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According to ASU climate expert Randy Cerveny, Arizona doesn't need as much rainfall as Colorado to potentially trigger massive floods. (AP Photo/Brennan Linsley)

PHOENIX -- Colorado is dealing with what is being called a "500-year flood" that has left death and destruction in the Rocky Mountains. Arizona State University climate expert Randy Cerveny said Arizona also has the potential for devastating floods.

The potential is there, with far less rain than the amounts that triggered the Colorado flooding.

The summer wildfires in the Rockies are partially to blame for the Colorado flooding. In Arizona, Cerveny said the area burned in the Yarnell Hill Fire remains a concern.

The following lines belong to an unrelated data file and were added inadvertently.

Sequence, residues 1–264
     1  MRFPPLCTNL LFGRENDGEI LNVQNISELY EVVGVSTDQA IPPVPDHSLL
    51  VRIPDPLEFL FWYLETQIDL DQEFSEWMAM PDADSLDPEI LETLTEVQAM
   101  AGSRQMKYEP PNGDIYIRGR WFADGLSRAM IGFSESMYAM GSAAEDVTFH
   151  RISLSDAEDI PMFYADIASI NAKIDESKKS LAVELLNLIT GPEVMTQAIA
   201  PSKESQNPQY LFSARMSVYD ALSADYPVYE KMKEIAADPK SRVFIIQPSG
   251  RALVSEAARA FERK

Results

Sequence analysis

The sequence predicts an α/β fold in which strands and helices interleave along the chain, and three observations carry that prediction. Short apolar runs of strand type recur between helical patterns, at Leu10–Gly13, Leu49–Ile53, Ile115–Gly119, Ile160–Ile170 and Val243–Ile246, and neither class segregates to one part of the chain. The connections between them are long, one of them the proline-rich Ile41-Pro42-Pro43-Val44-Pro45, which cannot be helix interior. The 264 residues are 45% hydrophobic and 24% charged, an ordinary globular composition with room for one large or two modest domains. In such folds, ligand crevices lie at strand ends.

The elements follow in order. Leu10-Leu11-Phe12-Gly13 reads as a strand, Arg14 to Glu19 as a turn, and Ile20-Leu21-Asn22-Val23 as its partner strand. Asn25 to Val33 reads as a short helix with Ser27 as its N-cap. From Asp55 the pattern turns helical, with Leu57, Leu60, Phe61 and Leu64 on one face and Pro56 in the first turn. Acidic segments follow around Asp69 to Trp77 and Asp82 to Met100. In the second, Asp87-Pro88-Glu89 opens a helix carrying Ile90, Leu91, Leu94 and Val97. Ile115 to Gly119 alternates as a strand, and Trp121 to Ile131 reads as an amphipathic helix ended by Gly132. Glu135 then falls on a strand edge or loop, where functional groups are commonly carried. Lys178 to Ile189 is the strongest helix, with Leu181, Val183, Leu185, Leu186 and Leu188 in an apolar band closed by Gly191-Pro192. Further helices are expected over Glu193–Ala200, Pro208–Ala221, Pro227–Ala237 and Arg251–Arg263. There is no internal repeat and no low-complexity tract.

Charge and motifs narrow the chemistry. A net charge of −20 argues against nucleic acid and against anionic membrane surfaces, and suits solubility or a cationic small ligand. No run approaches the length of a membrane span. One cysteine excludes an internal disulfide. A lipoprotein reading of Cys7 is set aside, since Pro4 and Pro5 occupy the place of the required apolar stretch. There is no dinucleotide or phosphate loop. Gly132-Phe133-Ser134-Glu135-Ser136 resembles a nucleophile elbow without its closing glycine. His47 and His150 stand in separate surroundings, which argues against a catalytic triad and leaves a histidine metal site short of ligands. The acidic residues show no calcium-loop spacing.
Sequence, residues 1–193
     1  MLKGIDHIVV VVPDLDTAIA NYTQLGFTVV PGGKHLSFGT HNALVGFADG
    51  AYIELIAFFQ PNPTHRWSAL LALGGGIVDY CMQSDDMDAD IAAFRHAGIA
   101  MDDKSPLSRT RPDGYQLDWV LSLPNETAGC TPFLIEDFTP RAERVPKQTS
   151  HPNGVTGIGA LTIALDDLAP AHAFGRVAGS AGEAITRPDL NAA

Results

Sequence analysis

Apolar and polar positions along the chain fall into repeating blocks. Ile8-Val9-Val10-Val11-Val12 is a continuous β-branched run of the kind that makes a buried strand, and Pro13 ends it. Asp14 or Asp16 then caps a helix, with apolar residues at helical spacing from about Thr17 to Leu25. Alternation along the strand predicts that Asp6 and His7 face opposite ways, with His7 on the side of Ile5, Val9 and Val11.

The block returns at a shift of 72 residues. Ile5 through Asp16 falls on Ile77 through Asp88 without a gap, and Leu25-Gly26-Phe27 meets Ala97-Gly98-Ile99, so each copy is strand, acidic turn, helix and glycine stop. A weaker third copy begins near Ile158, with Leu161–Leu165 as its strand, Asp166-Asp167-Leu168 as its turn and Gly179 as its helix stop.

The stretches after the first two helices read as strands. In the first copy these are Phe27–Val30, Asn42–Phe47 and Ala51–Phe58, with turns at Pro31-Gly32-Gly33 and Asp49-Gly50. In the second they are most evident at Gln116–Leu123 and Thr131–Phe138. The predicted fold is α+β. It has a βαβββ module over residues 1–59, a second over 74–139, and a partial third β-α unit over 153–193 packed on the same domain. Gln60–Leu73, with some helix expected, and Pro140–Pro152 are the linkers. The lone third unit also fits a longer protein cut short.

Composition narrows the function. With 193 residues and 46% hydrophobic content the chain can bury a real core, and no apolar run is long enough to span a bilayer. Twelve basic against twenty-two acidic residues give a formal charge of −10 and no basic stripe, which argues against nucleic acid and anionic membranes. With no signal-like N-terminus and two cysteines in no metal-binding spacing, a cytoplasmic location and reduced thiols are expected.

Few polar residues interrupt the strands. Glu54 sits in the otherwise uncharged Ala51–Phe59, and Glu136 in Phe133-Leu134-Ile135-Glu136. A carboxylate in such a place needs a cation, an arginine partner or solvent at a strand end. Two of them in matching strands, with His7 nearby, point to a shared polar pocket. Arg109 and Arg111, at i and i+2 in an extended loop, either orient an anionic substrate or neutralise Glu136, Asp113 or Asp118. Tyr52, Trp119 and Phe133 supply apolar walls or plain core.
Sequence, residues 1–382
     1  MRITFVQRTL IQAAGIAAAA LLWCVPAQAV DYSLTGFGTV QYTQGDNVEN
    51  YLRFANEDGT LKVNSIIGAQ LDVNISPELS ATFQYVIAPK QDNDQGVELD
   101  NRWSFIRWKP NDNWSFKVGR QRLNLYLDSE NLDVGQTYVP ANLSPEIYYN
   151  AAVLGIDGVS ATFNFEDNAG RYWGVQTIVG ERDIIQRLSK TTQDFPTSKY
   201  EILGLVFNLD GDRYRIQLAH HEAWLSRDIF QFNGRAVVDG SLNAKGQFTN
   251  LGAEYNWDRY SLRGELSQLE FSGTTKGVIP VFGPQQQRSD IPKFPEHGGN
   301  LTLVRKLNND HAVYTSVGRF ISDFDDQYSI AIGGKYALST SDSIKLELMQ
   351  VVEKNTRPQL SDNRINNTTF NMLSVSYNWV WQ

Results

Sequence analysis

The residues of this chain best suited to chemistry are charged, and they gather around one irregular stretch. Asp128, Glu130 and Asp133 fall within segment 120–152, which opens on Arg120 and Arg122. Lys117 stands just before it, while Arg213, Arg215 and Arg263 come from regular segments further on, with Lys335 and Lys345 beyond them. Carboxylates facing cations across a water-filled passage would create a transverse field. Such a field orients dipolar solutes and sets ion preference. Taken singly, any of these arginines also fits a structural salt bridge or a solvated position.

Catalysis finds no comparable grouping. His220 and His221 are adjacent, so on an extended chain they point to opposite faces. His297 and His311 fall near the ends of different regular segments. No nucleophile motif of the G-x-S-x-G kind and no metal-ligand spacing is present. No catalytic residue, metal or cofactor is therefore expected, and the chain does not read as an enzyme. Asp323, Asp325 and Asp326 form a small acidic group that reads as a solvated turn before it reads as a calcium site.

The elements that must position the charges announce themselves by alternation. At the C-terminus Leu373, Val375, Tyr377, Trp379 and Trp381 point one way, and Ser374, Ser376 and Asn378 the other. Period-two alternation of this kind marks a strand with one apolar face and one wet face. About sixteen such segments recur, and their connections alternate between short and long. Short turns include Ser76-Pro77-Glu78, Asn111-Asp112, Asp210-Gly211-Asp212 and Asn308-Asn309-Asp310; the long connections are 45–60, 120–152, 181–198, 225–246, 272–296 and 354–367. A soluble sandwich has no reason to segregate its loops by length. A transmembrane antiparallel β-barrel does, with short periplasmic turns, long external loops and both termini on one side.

"If you get big storms over that area, there's the possibility of mudflows and landslides, like they had in Colorado," Cerveny explained. "Vegetation is the key to holding the soil in place. Burn off that vegetation and that soil moves a lot easier."

Arizona's most vulnerable location to potential flooding is Oak Creek Canyon, "because of the number of people up there and the very limited access away from Oak Creek as you're going into the canyon," Cerveny said.

Cerveny said Yuma has had storms that brought 5-6 inches of rainfall in a single event. Its typical yearly rainfall is about 3 inches.

Jim Cross, Reporter

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